Human Rights Watch (HRW) says the Israeli military recently used white phosphorus munitions in Lebanon and Gaza.
Here’s what you need to know about the chemical substance:
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What did HRW say?
The rights group said late on Thursday that it had verified Israel’s use of white phosphorus munitions through interviews and videos showing the chemical substance was fired on two locations along the Israel-Lebanon border and over the Gaza City port.
“White phosphorous is unlawfully indiscriminate when airburst in populated urban areas, where it can burn down houses and cause egregious harm to civilians,” Lama Fakih, Middle East and North Africa director at HRW, said in a statement.
In an apparent denial of HRW’s report, the Israeli military said on Friday that it has made no use of white phosphorus in its Gaza war this week.
“The current accusation made against the IDF [Israel Defence Forces] regarding the use of white phosphorus in Gaza is unequivocally false,” it said in a statement.
What is white phosphorus?
White phosphorus is a wax-like, toxic substance that burns at more than 800 degrees Celsius (nearly 1,500 degrees Fahrenheit) – high enough to melt metal.
Its ability to ignite fast-spreading fires and create thick smoke over wide areas has made white phosphorus a substance of choice for militaries to create smokescreens. The smoke tends to last for seven minutes.
It is often colourless, white or yellow, and has a garlic-like odour.
White phosphorus munitions are difficult to extinguish, continuing to flare until the phosphorous has been burned up or until it is no longer exposed to oxygen.
It can be deployed through artillery shells, bombs, rockets or grenades.
“Airbursting white phosphorus spreads the substance over a wide area, depending on the altitude of the burst, and it exposes more civilians and infrastructures than a localized ground burst,” Ahmed Benchemsi, communications director for HRW’s Middle East and North Africa Division, told Al Jazeera.
Is white phosphorus harmful to humans?
White phosphorus can burn the skin down to the bone, and the chemicals can be absorbed by the body, causing dysfunction in multiple organs, including the liver, kidneys and heart.
“The burns have a double effect. They have a local effect because of the burn itself, which is generally quite severe and very deep, and then the second effect is metabolic, which can kill the patients,” said Roman Hossein Khonsari, professor of maxillofacial surgery and plastic surgery at Necker-Enfants Malades Hospital in Paris.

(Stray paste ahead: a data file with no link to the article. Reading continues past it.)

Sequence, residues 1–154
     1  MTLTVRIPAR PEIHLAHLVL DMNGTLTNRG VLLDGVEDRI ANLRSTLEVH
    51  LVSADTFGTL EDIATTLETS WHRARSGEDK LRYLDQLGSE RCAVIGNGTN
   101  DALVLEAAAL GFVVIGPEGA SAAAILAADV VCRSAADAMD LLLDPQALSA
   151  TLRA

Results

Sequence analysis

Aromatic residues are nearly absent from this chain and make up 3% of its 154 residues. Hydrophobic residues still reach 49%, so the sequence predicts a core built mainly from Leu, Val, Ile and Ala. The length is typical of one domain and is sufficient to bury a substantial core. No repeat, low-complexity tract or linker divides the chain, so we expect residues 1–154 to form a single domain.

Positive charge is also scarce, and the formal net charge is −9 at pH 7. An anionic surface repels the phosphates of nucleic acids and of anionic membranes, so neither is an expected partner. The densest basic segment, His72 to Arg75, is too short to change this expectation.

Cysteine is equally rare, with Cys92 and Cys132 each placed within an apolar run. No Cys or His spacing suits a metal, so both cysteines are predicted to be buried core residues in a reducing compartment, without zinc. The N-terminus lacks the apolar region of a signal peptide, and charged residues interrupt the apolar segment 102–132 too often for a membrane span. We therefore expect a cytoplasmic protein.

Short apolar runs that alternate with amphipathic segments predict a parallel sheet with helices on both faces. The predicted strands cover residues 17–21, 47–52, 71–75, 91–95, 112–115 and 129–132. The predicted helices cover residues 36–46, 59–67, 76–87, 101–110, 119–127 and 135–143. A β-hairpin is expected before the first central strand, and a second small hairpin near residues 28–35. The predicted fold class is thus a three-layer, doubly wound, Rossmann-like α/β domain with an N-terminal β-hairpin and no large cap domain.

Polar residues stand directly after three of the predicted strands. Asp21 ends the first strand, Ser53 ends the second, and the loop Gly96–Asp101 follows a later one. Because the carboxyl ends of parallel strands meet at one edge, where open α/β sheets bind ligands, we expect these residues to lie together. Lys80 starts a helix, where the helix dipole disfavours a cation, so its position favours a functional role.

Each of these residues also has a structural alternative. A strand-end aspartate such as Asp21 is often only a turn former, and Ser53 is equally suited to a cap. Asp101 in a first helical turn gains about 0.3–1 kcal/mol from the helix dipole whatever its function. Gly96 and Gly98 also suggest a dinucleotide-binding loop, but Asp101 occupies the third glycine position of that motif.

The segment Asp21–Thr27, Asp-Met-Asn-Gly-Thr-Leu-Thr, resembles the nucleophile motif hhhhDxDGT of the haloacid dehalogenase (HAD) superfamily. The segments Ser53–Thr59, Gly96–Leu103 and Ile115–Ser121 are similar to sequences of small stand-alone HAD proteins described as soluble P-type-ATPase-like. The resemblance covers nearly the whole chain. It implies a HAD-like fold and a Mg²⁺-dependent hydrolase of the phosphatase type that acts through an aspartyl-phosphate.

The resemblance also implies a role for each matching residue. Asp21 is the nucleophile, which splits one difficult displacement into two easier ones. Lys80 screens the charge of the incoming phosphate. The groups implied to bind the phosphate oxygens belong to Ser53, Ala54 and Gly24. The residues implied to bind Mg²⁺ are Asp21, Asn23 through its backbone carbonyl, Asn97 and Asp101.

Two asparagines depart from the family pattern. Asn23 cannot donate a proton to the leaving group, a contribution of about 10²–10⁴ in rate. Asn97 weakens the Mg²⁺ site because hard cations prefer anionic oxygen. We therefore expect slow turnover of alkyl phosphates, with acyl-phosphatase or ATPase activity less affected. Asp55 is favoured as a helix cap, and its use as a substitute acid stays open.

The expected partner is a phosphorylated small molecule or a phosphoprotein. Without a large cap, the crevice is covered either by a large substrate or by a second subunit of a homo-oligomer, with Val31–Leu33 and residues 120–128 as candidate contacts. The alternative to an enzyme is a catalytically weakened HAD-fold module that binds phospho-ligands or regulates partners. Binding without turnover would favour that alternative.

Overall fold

He said metabolic disorders can include abnormal potassium levels that cause heart failure.
Khonsari, who worked in Yerevan during the war between Armenia and Azerbaijan, said that if burns are not identified by doctors as being caused by white phosphorus, the victim may not receive the necessary care for organ failure risks.
Khonsari also explained that phosphorus burns continue to pierce the skin and will reach the bone unless the substance is properly washed out.
White phosphorus, which can stick to many surfaces, such as clothes, can also reignite if it comes into contact with the skin again.
It can also be lethal if inhaled, and the fumes can severely irritate eyes and make them sensitive to light.
Is white phosphorus banned?
White phosphorus is not banned by international conventions because it does not count as an “incendiary weapon” – one that is intended to cause fires or burns. Instead, it is considered a multipurpose munition.
Protocol III of the 1980 Convention on Certain Conventional Weapons only prohibits incendiaries or the use of other substances to attack civilian populations.
Burns or injuries caused by white phosphorus are considered incidental effects, allowing militaries to argue that it is used only as a smokescreen, signal or to illuminate a target.
Although they are not signatories to Protocol III, the United States and Israel say that their use of white phosphorous is in line with international regulations.
In its manual on rules of warfare, Israel has said: “Phosphorous is no different from petrol reacting to a lighted match, and what differentiates it from chemical weapons is that its reaction is not directed against the human physiology.”
Khonsari, however, explained that burns caused by substances like petrol do not tend to be lethal if they cover a small area of the body, unlike those caused by white phosphorus.
Has Israel used white phosphorus in Gaza?
In addition to HRW’s latest claim of its use, a 2009 HRW report found that Israel extensively used white phosphorus munitions during its Operation Cast Lead in Gaza, which lasted from December 27, 2008, until January 18, 2009.
At the time, Israel shifted between confirming and denying its use of white phosphorus munitions.
In 2009, military spokespeople first said that it was being used to mark targets but later denied that white phosphorus was being used at all.
The Israeli military “repeatedly exploded white phosphorus munitions in the air over populated areas, killing and injuring civilians, and damaging civilian structures, including a school, a market, a humanitarian aid warehouse and a hospital”, according to the 2009 HRW report.
It added that the forces had a nonlethal alternative available and used the white phosphorus airbursts even when no Israeli forces were present on the ground, suggesting that it was not used as an obscurant but instead as an incendiary.
Source: Al Jazeera